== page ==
- Geo-Distributed nodes
- Global IP configuration
- Load Balancing
Although Nginx is a powerful server, we still need something extra that will help us open our API endpoints, post data from Android devices and then process it in the backend system. For this job, we believe Django is the best option available. It is a simple MVC system that gets integrated well with Nginx, via the Nginx reverse proxy configuration, and makes REST API endpoints available for the outside world.
Scalability of Nginx
- Using Nginx we could add more servers into the system to make the system highly available, and low of latency.
- From a maintenance point of view, we could bring a few nodes to rest at some point, while their relatives take on the load till the time these kids are all set to make an entry back in the game.
Layer 2: Server layer (Kafka):
Why the need for a Server Layer:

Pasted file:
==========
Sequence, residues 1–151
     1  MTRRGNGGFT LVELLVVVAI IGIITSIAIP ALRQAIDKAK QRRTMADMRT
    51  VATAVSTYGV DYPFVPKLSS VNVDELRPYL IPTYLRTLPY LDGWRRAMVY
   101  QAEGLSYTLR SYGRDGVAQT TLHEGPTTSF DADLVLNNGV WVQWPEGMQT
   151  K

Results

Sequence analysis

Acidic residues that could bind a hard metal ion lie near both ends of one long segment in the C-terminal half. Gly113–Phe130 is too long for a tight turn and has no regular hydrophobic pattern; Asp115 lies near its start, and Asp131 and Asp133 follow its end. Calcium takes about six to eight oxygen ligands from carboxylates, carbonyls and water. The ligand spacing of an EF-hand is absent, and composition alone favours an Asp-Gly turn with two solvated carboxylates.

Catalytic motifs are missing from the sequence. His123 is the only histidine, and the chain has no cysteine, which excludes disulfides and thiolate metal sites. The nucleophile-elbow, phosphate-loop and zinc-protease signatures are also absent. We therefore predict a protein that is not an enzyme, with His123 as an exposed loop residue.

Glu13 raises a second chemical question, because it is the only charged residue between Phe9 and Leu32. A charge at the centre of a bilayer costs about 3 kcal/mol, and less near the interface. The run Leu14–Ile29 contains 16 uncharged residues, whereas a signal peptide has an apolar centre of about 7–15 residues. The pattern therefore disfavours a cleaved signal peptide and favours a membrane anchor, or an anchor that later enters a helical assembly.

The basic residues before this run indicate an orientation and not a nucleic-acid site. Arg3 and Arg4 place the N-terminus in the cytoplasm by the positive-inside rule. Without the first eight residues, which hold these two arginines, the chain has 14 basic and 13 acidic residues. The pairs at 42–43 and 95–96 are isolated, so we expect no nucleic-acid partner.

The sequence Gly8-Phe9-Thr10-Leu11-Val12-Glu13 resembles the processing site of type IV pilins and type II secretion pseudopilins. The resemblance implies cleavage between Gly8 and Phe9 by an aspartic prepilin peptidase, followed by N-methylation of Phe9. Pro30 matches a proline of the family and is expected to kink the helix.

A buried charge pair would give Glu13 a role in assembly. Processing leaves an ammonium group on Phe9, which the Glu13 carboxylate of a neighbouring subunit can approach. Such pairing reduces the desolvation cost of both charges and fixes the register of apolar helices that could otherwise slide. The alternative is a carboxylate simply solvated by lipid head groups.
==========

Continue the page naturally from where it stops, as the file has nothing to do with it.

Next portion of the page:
- As mentioned above, we foresee a lot of data coming into the system at a very rapid pace. Handing the data from the server layer directly to the backend scripts and from there to DB is definitely suicidal.
- To protect our systems from getting overwhelmed with a huge amount of data, it was important to bring in a system that could collect & hold the data so that the backend scripts could write data to the DB at a constant rate without overloading it.
Kafka is a popular distributed messaging system that qualifies for this job. Since Kafka introduces itself as a distributed messaging system, I will leave the discussion of scalability to the point of bringing more redundancy into the system and make scalable and highly available. Redundancy in the system should take care of the downtime during maintenance.